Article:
Many online companies and pet stores sell beautiful and comfortable crate liners or beds. Many of them can even be embroidered with Fido’s name on them and in the colors he “likes” for added customization.
You want your dog’s “den” to be comfortable, but you also don’t want too much stuff in there. Make certain that whatever lines the bottom of the crate is soft and comfortable as well as easy to clean in case of accidents.
Most people like to include a blanket or two as well since dogs enjoy contributing to their “nest” by circling and digging until their blankets are aligned “correctly”. Microfleece is a great choice for blankets for dogs. Care must be taken if you are placing blankets in with puppies as they can sometimes chew and eat portions of them.
Lastly, a favourite toy or chew will help alleviate any boredom if you are planning to be away for longer than half an hour. Normally, your dog will fall asleep after a short amount of time in his crate, but you do want to provide something that will keep his mind engaged during any time he has to spend in there.
For an added level of “protection”, you can ever cover the crate with a blanket or towel, so your dog gets that extra cozy feeling. This will often help to quiet dogs who start to protest when initially placed in their crate.
Start with short stints.
When beginning crate training, keep the time your dog spends in their very short. Ten minutes is best to begin with. As your dog becomes more comfortable spending time in his crate, you can begin to increase the length of time he spends in there but always bear in mind his comfort level and do not push him beyond what he is ready for, or he will regress in his training.
When increasing duration, you can help ease the transition by providing an exceptionally yummy bone or a Kong filled with peanut butter for Fido to enjoy. He will start to learn that when he is in his crate for longer periods of time, he gets something extra special as a reward. This will help immeasurably.
Crate training through the night is also a great way to get your dog used to the crate and to prevent house training accidents.
Always remember that Rome wasn’t built in a day. You will need to exercise patience in crate training.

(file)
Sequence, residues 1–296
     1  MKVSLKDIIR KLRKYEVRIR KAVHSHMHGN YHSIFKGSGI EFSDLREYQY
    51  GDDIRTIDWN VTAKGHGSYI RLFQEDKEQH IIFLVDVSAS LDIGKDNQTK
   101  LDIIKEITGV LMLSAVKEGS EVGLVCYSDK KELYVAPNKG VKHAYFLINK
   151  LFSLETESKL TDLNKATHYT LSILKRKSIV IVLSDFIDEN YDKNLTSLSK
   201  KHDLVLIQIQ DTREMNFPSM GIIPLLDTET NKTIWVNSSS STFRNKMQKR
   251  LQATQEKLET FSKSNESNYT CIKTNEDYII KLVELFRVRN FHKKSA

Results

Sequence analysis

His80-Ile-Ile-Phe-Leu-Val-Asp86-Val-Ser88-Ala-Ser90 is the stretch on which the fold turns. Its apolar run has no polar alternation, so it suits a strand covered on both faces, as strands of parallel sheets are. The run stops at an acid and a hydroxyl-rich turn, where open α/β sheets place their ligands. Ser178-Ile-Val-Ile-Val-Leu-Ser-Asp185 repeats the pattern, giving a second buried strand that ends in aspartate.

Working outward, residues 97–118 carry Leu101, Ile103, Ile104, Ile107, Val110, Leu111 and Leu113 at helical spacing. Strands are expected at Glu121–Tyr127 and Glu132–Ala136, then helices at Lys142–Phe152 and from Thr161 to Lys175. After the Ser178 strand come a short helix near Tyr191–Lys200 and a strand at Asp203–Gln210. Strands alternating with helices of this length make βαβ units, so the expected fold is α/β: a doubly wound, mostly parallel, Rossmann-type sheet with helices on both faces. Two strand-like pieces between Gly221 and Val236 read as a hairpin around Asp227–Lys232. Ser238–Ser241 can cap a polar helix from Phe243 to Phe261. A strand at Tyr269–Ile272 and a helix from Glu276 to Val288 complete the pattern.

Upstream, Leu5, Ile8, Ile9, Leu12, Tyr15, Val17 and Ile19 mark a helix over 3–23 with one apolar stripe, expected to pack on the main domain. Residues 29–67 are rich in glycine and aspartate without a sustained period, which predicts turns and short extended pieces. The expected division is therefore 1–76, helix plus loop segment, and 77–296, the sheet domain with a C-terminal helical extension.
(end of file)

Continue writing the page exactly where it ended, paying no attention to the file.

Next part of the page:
Refuse to be manipulated by pathetic pleas for early release. If you do, your dog will soon learn that all it takes is some whining, barking, or crying, and you will give in—a fact you will soon deeply regret! But at the same time, do not push your dog into emotional distress. Let his comfort guide the length of your sessions, always err on the side of caution, and be patient as you both go through the learning process.
Use your crate to train other things.
Your crate can be used to train a number of things. Many trainers use it to help teach impulse control or other important canine skills. If done as a game, your dog will soon learn to enjoy it. Professional dog trainer Leslie McDevitt’s Control Unleashed and Susan Garrett’s Crate Training Games are great resources for teaching different skills that involve the use of a crate. Online retailers Clean Run and Dogwise offer a large selection of DVDs, Videos on Demand, and books to assist you in your training efforts.
Crates are also invaluable tools for house training. Accidents happen when you can’t be there to supervise your puppy. Since dogs do not like to mess where they live, using a crate will help to teach them that there are appropriate places to do their business, and their crate and your house are not among them!
Yes, crate training can be a wonderful thing, and contrary to popular belief, it can enrich Fido’s life! Pick up a few training DVDs, outfit Fido’s crate, and have some fun learning this great new skill.